Heart transplant

Family history of heart disease doesn't slow Matt down

Man, wearing grey shirt and smiling.
Matt Sdano

Thirty-seven-year-old Matt Sdano is the poster child for “family history of heart disease.” His grandfather and great-grandmother died from complications due to heart disease, and his father, Roger, received a heart transplant in 2018.

Everyone in Matt’s family knew heart disease was common, but it was his wife, Mallory, a genetic counselor, who first suggested 12 years ago that his father see a genetic cardiac counselor after suffering a stroke. He found one at UW Health in Madison, Wisconsin, and sure enough, Roger had a gene mutation that could cause arrythmias or death.

As his son, Matt had a 50% chance of inheriting the mutated gene, he first acquired life insurance, then got genetic testing. He learned he had the same gene mutation as his dad. At the time, he was living in Utah, where he found a cardiologist who started some preliminary testing.

The doctor gave Matt a Holter monitor, a wearable device that records the heart’s rhythm and detects an irregular heartbeat. “As far as I had known, I had never experienced any arrythmias,” said Matt. “But the first morning I was wearing the Holter monitor, I got lightheaded right away.”

It turned out Matt had spent 30 seconds in ventricular tachycardia, a type of abnormal heart rhythm. It was concerning enough that his doctor installed an implantable cardioverter-defibrillator (ICD) in his chest to catch any other arrhythmias before they became dangerous.

For the next six years, Matt was able to live a relatively normal life, spending his time hiking, biking and working. In 2018, he and Mallory moved to Wisconsin to be closer to their family and UW Health, because they knew it was only a matter of time before Matt’s heart issues would resurface.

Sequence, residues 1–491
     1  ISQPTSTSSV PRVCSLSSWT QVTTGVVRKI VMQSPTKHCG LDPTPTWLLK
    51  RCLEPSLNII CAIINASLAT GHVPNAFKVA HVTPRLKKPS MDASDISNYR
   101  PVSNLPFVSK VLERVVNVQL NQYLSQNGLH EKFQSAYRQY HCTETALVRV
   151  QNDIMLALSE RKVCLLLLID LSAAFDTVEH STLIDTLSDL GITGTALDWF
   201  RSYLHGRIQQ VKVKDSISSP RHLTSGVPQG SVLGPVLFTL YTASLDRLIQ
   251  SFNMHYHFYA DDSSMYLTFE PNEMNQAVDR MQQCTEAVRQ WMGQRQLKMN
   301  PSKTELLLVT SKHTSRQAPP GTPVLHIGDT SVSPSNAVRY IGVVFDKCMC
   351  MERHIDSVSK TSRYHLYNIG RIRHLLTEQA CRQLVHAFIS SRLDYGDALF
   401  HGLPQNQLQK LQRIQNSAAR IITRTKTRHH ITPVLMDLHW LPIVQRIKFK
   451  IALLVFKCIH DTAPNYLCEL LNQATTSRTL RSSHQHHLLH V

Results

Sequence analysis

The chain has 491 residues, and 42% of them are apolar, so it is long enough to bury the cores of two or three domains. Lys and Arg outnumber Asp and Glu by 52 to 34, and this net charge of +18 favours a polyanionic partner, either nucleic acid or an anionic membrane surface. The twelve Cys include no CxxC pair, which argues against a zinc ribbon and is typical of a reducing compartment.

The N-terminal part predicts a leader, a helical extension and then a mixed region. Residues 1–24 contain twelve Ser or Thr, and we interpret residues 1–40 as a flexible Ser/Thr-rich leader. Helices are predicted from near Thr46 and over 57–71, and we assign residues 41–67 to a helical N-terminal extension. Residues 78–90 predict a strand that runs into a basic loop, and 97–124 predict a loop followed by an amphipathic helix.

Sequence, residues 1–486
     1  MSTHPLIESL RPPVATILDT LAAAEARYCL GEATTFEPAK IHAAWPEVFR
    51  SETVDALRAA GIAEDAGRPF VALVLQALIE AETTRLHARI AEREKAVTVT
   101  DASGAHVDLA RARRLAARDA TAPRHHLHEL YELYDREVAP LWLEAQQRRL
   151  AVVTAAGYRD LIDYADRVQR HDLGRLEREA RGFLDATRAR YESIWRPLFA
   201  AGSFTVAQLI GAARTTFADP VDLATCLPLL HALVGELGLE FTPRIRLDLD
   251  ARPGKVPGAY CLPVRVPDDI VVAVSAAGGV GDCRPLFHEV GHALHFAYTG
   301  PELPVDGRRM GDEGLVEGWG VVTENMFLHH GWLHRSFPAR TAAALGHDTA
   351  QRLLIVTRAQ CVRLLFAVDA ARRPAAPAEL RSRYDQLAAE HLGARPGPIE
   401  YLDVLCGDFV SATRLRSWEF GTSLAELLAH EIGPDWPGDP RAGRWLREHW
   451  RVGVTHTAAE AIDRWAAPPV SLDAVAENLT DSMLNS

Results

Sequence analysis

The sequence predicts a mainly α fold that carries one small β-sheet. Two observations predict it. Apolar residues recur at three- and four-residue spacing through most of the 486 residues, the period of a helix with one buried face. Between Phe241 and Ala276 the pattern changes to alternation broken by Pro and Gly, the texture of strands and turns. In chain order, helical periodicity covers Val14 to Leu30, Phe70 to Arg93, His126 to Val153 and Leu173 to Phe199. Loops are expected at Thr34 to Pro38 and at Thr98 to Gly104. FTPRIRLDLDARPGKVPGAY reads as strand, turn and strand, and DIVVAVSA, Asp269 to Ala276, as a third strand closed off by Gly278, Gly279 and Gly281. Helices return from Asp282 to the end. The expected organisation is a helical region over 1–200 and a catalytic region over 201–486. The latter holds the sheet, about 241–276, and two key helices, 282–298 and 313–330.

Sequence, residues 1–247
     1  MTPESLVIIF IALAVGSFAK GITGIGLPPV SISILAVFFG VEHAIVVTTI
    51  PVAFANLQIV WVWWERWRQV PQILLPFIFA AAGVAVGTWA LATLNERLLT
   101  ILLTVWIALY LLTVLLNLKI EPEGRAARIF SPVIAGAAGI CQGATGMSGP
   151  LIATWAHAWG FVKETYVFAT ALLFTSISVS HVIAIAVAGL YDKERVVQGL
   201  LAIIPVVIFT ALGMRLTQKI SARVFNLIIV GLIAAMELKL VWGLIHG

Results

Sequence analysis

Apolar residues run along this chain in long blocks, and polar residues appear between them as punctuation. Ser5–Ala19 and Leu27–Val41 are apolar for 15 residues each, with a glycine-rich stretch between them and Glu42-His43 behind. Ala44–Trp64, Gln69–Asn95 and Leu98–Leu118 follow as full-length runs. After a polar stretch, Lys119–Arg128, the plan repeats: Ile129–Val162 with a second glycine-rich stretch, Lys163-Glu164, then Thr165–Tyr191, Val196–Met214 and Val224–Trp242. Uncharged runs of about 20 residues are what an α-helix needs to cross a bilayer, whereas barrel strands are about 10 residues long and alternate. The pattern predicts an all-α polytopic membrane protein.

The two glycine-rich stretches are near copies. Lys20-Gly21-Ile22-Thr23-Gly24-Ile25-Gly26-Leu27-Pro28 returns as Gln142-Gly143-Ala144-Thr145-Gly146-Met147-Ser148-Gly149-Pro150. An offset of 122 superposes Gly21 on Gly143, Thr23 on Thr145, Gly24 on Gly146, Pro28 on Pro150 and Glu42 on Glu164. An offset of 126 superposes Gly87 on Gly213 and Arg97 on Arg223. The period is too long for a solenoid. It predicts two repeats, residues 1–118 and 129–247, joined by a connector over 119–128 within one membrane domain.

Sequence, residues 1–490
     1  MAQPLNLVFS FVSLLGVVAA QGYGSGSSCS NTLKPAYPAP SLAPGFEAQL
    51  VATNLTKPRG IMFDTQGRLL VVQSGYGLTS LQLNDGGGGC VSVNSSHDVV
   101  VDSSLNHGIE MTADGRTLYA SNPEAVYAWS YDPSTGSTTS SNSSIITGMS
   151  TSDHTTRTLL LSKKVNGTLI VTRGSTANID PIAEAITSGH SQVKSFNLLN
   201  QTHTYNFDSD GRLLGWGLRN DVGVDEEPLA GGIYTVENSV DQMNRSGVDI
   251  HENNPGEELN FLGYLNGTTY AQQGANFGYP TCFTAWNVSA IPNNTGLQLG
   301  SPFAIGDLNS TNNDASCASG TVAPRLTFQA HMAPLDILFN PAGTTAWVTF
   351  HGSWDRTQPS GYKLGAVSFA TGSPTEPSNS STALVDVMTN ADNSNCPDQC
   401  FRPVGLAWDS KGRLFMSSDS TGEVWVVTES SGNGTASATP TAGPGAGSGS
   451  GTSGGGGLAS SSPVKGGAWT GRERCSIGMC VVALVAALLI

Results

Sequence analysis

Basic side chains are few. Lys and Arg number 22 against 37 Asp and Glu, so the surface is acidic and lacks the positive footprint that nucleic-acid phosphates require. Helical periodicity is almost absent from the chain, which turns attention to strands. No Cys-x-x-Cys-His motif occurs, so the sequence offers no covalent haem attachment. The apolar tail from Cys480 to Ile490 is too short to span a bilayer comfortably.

Matt started experiencing more arrhythmias and hospitalizations over the next five years. He saw a heart failure doctor in March 2023, and had a heart transplant evaluation three months later. Matt needed a heart transplant soon, but his doctor needed him to stop taking a medication he was on for eight weeks before adding him to the wait list.

“That was a pretty long eight weeks,” he said. “I suffered a lot, especially near the end. I was diagnosed as malnourished because I couldn’t keep food down.”

Eventually, doctors had to put a balloon pump into his aorta to support his circulation until he received a donor heart. Matt received his gift of life on Sept. 21, 2023.

At University Hospital, Matt had many of the same nurses his father did for his transplant five years prior. “That made it easier to establish relationships with them,” he said. “Plus, my dad has done so well after transplant, that I was very encouraged. It made it worth going through all of this. Dad truly has a normal life.”

Despite an episode of rejection and subsequent hospitalization, Matt has done well with his recovery. In late fall, he was able to get back out on the hiking trails near his house with his dad—two gift of life recipients enjoying the beauty of nature.

He also appreciates the opportunity to spend time with his 5-year-old daughter, who was conceived through in vitro fertilization (IVF) with pre-implantation genetic testing. Matt and Mallory were concerned about her inheriting his heart disease gene mutation, so they went to great lengths to decrease her risk.

“I’m so glad for the opportunity to do all the things I love in life,” said Matt.